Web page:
Outpatients may have to pay for some treatments now covered in Alberta
Alberta Health Services estimates saving $2.3 million if changes proceed
Alberta Health Services is considering changes that would download the cost for certain medications and treatments onto patients.
The proposed new program is outlined in confidential documents sent to CBC News by an AHS employee. CBC has agreed to protect their identity because of the potential for repercussions on them and their employment.
The Standardizing Access to Medications for Ambulatory Patients (STAMP) program would set parameters for when AHS would absorb the cost for certain treatments and when they would be passed on to patients. This means some drugs would cease to be offered for free to patients for administration in hospitals.
Instead, they would have to buy the medications at a pharmacy and, in some cases, also pay a clinic for the infusion procedure. The documents say STAMP would save AHS an estimated $2.3 million a year as "these costs will be transitioned to ambulatory patients and/or their insurance plans."
Ambulatory patients (sometimes referred to as outpatients) are people who are not formally admitted to hospital but who receive care there. They are often treated in specialty and infusion clinics or emergency departments.
The treatments under consideration for STAMP include those used during the treatment of cancer or Crohn's. The bulk of the savings AHS is considering could come from redirecting iron, calcium and magnesium infusions to clinics, as well as non-cosmetic Botox injections. They are often utilized for fibromyalgia, breast and bone marrow cancers, skeletal issues like Paget's disease and osteoporosis, and spasticity associated with brain injuries, cerebral palsy or multiple sclerosis.
If the program is approved, many patients with those illnesses could be responsible to pay for their own medications as well as the associated costs to have them administered.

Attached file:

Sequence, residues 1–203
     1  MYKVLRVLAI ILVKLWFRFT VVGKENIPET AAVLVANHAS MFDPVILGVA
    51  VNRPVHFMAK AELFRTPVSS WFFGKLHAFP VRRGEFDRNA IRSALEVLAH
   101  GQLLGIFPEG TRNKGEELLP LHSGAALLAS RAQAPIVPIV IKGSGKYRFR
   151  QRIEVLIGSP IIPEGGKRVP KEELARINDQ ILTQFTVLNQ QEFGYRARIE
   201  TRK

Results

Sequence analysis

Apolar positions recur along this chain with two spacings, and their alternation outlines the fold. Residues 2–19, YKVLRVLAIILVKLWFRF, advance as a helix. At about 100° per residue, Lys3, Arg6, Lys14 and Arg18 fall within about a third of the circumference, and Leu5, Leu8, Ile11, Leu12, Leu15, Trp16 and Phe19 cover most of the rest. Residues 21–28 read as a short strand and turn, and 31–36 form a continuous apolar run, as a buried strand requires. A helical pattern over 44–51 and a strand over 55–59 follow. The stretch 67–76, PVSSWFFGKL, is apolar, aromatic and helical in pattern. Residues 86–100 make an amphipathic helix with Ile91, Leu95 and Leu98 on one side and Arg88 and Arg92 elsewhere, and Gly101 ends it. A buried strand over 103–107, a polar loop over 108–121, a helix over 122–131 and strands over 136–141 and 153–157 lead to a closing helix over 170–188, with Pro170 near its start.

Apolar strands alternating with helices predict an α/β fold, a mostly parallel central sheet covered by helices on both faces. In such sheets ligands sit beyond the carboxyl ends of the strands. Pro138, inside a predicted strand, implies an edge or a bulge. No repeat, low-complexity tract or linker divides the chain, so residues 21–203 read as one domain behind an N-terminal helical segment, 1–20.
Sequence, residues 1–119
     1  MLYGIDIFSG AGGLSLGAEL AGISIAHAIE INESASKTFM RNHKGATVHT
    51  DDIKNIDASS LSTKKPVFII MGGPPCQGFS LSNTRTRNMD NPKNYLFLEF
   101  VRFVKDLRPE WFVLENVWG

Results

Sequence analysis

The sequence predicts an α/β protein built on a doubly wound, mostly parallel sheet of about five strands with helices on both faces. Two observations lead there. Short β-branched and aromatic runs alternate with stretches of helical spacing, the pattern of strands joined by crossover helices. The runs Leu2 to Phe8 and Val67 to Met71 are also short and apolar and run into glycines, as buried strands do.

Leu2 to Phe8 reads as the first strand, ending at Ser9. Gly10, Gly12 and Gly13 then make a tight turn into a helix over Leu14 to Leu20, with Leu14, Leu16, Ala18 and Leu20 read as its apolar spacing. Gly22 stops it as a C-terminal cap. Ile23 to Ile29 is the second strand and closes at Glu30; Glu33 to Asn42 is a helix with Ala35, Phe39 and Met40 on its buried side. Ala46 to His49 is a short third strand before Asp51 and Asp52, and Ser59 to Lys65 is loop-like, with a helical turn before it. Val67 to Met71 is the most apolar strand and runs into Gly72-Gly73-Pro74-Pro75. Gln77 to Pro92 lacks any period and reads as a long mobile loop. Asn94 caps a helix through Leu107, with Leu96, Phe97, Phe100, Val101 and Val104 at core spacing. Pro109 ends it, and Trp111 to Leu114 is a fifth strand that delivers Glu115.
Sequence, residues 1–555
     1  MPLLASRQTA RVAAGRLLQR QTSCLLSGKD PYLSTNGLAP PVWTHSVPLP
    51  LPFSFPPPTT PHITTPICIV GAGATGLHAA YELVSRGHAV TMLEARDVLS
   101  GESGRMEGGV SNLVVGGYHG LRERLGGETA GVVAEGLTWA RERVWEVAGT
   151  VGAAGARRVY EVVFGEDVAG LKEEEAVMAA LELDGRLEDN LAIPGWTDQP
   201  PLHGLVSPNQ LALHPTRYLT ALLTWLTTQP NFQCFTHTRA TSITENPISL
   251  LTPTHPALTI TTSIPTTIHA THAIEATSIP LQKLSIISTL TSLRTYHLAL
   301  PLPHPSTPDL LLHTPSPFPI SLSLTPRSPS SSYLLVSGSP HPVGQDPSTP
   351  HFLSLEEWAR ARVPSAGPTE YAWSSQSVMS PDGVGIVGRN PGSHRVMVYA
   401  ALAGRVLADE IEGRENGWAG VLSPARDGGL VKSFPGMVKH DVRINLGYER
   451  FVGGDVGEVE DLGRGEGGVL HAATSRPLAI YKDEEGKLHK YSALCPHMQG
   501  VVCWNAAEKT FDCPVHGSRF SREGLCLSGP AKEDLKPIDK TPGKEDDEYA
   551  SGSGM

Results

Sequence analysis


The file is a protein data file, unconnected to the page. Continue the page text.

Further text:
AHS declined CBC News's request for an interview. Officials did not respond to specific questions about the program but did provide a statement.
"The process under consideration would be for cases where there is no urgent medical need for a medication to be administered in a hospital or AHS/Covenant Health clinic. Those patients would potentially be referred to a more appropriate community setting, such as a family physician's office, pharmacy or other clinic, if available in their local area," spokesperson James Wood said.
The documents say the implementation period was originally set to occur in March, before the pandemic hit. Wood stressed no final decision has been made on the program but would not elaborate on when it could be expected.
"Albertans will always continue to receive the medications they need — that will not change. We will also ensure that patients continue to have their medications administered. The new process under discussion would simply allow this to occur in a different health-care setting, and would ensure consistency of any fees associated with this service," Wood added.
CBC News also reached out to the health minister, whose office said it is an AHS initiative and was not developed by the minister's team.
Long-term costs versus short-term savings